The bill is particularly disturbing, declaring that homosexuality is a "creeping evil" and is not a human right. Interestingly enough, the Ugandan goverment came to this conclusion after a speech be U.S. Rev. Rick Warren, who told them homosexuality isn’t a human right. The bill says, "The fact that the moral fabric in America and Europe has been put under siege … should not suggest that we should follow suit." However, Bahati ridiculously insists his bill is not an act of hate towards LGBT people in Uganda.
Bahati, in the Observer, acknowledged that the government of Uganda has been "under attack" from younger citizens of the country because of the bill, but older Ugandans and members of clergy tend to support the bill because it protects the "traditional family" (sound familiar?).
The comments and an op-ed piece in the Observer attacking the Bahati Bill provide the most insight into the will of Uganda’s people regarding this bill. Anonymous writers (understandably so) have commented that the bill seems to be "putting homosexuality at the same level as murder, bestiality, and treason, which is preposterous." One writer calls Bahati’s approach to homosexuality "largely radical … and seems to be informed by personal aversion towards gay sex. It’s particularly disturbing when the Bill seeks to make every citizen spy on the other and thereby intrude into other people’s privacy."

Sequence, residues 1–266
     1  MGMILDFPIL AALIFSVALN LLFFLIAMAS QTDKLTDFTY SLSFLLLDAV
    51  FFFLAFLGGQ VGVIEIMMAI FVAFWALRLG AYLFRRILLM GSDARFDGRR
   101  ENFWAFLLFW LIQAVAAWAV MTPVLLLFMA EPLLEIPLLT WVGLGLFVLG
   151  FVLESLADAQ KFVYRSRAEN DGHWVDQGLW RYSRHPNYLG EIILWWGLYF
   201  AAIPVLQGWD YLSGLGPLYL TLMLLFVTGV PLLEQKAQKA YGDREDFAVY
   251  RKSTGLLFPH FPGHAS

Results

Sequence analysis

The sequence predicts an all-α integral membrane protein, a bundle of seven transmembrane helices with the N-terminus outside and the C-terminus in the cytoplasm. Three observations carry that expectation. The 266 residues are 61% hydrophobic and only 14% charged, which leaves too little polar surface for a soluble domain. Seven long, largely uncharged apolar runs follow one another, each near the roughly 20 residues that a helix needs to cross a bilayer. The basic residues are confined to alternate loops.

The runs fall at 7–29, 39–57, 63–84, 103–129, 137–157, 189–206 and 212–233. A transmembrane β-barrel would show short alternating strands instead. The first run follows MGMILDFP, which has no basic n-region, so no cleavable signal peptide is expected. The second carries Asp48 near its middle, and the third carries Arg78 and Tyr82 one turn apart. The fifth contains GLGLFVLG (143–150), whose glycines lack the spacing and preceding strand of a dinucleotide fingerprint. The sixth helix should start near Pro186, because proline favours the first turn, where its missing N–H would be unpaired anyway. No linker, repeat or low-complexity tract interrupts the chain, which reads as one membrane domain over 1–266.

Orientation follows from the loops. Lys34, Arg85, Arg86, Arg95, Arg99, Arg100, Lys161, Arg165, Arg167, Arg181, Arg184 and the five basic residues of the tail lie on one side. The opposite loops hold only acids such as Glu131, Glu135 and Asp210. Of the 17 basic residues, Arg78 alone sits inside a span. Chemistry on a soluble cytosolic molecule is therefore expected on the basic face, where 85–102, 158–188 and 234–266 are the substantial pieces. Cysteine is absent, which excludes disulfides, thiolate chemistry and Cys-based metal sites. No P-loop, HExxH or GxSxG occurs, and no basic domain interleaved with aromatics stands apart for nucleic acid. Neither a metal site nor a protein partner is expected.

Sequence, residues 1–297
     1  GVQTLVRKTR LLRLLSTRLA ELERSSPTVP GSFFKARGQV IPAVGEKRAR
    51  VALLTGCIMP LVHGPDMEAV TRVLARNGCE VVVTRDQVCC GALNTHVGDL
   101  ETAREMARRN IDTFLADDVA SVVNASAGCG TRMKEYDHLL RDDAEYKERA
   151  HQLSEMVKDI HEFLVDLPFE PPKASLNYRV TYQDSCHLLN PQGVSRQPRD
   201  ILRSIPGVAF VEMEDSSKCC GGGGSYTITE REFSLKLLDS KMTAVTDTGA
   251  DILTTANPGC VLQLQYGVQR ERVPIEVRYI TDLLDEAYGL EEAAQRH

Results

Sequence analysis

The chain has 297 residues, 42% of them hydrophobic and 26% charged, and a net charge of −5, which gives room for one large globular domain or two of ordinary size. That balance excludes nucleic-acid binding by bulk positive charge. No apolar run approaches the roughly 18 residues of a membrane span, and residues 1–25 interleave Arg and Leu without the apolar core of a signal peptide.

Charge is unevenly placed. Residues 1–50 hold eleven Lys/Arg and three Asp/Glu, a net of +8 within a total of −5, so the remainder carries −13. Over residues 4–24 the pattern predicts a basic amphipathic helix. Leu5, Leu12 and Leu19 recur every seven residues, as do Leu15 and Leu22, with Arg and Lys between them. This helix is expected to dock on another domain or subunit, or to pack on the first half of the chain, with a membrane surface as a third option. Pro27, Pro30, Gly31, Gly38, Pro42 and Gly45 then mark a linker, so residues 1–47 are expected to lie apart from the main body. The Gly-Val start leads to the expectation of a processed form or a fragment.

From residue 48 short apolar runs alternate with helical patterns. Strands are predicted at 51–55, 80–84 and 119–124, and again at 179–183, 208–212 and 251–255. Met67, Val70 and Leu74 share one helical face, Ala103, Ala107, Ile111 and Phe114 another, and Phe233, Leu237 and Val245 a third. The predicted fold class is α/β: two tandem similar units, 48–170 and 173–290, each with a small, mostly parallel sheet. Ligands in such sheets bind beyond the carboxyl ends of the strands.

He wants everyone who gets to know about an individual’s homosexual orientation, including his or her parents, other family members, medical workers, religious leaders and school authorities, to report to the Police. Having a different moral view is not good enough reason for Parliament to enact laws that are unconstitutional and violate people’s rights to privacy, freedom of speech and expression. Furthermore, the writer laments that the only form of punishment for so-called "aggravated homosexuality" in Uganda is the death penalty under the bill. If passed, any person in Uganda commits aggravated homosexuality when the "victim" is a person with a disability or below the age of 18, or when the offender is HIV-positive.